The underlying hardware in an Apple device is very similar to any other device but the key is they market their devices simplistically which appeals to humans view of quality and desirability. For instance the iPhone - they have generally kept it simple - one phone with a series of numbers '4, 4S, 5' which builds continuity and encourages an upgrade. The specifications are also simplified with an A8 chip or an A9 everything feels progressive. The first thing you see on the iPhone shop with Apple is the colour options for the phone! Yes recently they have added 'Plus' models but these are clearly larger - a plus size model - pardon the pun. Or the 'pro' designation on an iPad or Macbook.
Apple have recognised the key to making a product that is technically complex into something simple and desirable. You have to find external sources to see how much RAM or what clock speed the ipad operates at. In general PC manufacturers have a myriad of names and brands and numbering practices which instantly make comparing products even within the manufacturers own portfolio extremely taxing and confusing.
I don't see how any of the PC manufacturers have managed to make their products as desirable probably because Microsoft capture more of the value, a very clever move really because software is scaleable and capital light - let the manufactures assemble the PC and stick a copy of windows in it. I am certain Microsoft make more margin out of every PC Lenovo sells than Lenovo do.
Therefore this leads to my take on (ii) - can Lenovo reinvent itself to grow in future in a declining PC market? I doubt it. They have a very limited offering in mobile and are well behind the market shares of Apple, Samsung and Hauwei. In H1 PC and tablets made up 70% of sales. Mobile is 17% of sales and is declining too. Other revenues were around flat. It is therefore possible, but unlikely, that Lenovo can substantially change their offering and gain the intangible value that Apple has created for its products.
|Revenue including TTM has flat-lined|
Ultimately the feeling I got when I started looking at Lenovo was this company is a bit like Berkshire Hathaway - by which I mean the declining textile company that Warren Buffet really cut his teeth on, and lost, before it became the namesake of his mega conglomerate. This is a declining industry or at least one that is ex-growth. Lenovo run the risk of going the way of Blackberry and Nokia - i.e shrinking into obscurity in the long term.
|Earnings too are struggling to grow (2016 had restructuring costs)|
The question that remains is therefore; Is Lenovo a value trap? Or a value proposition?
I think Lenovo may be a value trap.
The 5% dividend yield looks good and with the predominant market share Lenovo may be able to run itself for cash over the medium to long term. Taking the HK$26.5 dividend for the year and assuming they pay say HK$27 next year, with a Ke of 8.68% and a 3% long run growth rate (ambitious given the declining industry but they could up the payout and run for cash) - I get a DDM valuation of HK$4.75. That is 12% less than the value of the shares today at HK$5.40. At a 4% growth rate we get HK$5.77 - so the present share price implies a 3.7% long term dividend growth rate. Ambitious for a company with declining revenues - but possible over the medium term given the current payout ratio is around 30-40% - assuming they can generate the cash flow.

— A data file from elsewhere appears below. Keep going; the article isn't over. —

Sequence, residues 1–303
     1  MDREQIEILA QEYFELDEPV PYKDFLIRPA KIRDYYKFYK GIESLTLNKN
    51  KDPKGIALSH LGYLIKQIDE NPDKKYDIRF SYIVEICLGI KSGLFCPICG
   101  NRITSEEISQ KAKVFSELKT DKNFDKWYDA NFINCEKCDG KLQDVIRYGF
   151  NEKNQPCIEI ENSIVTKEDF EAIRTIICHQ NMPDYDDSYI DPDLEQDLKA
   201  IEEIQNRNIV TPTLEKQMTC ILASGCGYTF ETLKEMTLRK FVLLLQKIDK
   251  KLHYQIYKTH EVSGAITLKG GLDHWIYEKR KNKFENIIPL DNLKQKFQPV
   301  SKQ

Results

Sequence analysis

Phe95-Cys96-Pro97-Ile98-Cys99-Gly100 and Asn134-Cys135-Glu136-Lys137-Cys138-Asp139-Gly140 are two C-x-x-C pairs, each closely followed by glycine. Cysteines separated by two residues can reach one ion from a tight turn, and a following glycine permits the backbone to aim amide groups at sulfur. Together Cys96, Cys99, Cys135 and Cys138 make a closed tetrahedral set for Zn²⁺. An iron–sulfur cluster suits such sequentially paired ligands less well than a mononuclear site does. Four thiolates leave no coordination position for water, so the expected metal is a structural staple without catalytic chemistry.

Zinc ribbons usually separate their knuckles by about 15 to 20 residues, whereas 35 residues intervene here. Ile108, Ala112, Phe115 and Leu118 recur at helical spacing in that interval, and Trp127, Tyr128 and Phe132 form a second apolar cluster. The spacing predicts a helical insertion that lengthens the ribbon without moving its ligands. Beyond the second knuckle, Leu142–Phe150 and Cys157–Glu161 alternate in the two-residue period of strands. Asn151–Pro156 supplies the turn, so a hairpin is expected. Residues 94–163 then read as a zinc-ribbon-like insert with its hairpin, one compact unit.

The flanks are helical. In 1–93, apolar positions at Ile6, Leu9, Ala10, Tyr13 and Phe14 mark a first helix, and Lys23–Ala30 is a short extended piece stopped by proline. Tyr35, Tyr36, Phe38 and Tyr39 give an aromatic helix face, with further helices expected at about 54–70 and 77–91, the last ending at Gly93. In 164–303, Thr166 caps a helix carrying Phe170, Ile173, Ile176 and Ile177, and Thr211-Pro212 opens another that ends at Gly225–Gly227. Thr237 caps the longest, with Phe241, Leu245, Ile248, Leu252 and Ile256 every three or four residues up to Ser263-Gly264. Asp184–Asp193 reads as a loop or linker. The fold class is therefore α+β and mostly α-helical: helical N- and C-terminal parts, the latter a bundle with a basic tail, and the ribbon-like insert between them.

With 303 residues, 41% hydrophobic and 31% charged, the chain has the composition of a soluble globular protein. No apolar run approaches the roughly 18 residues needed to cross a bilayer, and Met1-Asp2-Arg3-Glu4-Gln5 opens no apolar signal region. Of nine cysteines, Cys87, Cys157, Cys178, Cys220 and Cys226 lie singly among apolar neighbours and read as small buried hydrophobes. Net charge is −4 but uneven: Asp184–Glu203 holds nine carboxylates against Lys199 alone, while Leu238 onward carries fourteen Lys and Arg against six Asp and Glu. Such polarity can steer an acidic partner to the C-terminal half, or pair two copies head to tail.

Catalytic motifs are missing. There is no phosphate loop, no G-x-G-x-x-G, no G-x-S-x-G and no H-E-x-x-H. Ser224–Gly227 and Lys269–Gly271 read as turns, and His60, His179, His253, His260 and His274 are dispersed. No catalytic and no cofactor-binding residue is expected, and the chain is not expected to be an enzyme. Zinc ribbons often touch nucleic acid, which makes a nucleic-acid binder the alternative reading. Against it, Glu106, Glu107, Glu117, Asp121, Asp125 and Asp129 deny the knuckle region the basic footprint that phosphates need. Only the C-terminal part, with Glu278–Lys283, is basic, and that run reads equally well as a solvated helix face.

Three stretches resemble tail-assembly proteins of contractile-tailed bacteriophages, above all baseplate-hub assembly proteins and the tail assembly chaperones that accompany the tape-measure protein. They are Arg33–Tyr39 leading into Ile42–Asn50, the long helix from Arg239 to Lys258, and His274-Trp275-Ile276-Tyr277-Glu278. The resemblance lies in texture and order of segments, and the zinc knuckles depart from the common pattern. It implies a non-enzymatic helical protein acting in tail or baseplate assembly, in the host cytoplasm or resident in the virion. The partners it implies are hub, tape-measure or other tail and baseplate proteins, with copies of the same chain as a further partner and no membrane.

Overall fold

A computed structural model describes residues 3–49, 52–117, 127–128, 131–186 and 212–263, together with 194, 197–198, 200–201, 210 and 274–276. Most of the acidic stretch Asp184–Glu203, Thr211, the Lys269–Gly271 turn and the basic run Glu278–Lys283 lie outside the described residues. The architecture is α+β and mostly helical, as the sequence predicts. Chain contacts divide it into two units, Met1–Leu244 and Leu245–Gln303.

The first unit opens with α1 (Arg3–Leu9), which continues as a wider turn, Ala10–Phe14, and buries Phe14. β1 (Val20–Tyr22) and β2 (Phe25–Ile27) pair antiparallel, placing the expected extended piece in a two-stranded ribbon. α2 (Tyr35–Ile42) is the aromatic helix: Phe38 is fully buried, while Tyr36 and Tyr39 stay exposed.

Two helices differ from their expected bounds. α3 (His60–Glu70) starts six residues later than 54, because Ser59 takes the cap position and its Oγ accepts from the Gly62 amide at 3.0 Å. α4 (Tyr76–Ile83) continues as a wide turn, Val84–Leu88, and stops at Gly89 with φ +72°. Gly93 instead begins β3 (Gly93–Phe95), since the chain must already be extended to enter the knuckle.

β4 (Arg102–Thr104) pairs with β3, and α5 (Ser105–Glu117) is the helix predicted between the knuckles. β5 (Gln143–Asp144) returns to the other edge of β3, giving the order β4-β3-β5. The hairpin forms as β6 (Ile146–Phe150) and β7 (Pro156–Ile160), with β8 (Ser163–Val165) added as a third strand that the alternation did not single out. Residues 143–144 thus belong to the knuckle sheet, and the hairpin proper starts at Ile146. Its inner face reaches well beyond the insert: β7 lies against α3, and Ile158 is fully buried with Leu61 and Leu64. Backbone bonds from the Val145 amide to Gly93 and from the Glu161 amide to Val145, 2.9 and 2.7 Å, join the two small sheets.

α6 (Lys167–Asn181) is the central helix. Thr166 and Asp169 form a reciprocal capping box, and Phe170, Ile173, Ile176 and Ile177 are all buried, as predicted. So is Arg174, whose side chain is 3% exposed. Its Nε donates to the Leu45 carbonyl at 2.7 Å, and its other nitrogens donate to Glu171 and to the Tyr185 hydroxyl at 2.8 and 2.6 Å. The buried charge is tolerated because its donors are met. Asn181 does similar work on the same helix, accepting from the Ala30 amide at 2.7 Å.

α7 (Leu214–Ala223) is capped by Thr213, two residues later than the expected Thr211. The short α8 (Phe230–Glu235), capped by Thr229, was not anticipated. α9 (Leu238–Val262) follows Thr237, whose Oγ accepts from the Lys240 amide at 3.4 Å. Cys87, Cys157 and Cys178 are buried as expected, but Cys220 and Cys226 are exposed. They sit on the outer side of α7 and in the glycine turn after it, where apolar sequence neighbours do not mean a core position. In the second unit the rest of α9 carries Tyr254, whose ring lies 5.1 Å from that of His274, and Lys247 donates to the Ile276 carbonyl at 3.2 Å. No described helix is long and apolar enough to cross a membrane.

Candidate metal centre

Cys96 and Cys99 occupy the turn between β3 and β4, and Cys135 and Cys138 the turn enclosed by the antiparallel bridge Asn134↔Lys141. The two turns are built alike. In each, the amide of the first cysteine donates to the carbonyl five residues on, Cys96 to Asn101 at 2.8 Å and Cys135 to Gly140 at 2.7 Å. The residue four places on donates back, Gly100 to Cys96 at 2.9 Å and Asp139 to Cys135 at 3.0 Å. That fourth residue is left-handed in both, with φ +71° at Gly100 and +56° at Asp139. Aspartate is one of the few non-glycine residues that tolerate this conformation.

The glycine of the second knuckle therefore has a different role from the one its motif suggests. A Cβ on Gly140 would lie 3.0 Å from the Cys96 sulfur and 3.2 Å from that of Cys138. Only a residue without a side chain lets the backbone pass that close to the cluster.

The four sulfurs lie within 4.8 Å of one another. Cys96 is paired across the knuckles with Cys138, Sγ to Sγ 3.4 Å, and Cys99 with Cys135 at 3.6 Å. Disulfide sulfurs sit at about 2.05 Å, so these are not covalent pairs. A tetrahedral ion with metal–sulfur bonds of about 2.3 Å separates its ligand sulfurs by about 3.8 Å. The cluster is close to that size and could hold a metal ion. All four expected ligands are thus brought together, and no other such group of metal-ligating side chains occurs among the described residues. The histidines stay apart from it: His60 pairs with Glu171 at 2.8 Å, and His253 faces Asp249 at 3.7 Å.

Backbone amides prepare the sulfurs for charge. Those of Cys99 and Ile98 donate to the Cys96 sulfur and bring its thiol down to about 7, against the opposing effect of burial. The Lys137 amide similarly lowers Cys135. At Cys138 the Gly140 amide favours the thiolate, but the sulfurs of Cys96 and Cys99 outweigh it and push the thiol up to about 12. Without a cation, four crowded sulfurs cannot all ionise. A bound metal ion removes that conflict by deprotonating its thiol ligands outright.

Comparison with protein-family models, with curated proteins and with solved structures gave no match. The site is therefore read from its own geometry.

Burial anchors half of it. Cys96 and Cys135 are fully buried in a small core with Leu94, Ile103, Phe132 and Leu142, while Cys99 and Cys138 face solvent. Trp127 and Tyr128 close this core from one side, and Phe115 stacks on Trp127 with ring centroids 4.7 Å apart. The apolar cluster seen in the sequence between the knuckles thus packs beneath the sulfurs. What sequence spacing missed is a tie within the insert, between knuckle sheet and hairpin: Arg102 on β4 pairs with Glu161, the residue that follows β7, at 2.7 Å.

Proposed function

However it is most likely that they will expend large amounts of cash trying to grow instead having recently acquired the carcass of Motorola Mobile from Google. I would like to see management focus principally on the PC market such that they do the one thing commodity companies can do; have the low cost advantage. Earnings may decline but the business could be well managed and cash generative. Trying to make up for lost ground in mobile seems fruitless at this point. As I say, I suspect in their desire to remain relevant Lenovo will waste a lot of money and not grow at all.
I note also the debt load has risen quite a bit recently presumably due to acquisitions - this increases the risk of the company going forward and makes the dividend less sustainable.
I think I will leave it there for Lenovo. I feel it is not cheap enough for me to get excited given the structurally poor long term prospects for the business. I could well be wrong but I tend to go with my intuition and back it up with solid analysis - I would review Lenovo again around HK$3 to 4 per share on the basis that my DDM valuation with a 0% dividend growth rate suggests a HK$3.11 value per share. That would be my baseline value for Lenovo assuming the underlying business is still viable.
Disclaimer: I have no interest in Lenovo shares at present. These are opinions only, not investment advice. If in doubt read my disclaimer.